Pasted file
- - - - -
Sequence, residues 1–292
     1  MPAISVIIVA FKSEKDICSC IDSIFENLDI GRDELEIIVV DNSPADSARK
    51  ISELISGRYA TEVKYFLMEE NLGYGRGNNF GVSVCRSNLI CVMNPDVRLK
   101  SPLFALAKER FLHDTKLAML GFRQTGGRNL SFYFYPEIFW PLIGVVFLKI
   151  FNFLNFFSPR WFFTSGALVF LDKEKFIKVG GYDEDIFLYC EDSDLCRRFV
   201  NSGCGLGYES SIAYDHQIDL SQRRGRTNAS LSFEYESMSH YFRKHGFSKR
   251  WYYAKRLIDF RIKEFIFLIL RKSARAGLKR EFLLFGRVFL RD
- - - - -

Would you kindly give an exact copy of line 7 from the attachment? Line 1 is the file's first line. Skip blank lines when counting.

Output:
   251  WYYAKRLIDF RIKEFIFLIL RKSARAGLKR EFLLFGRVFL RD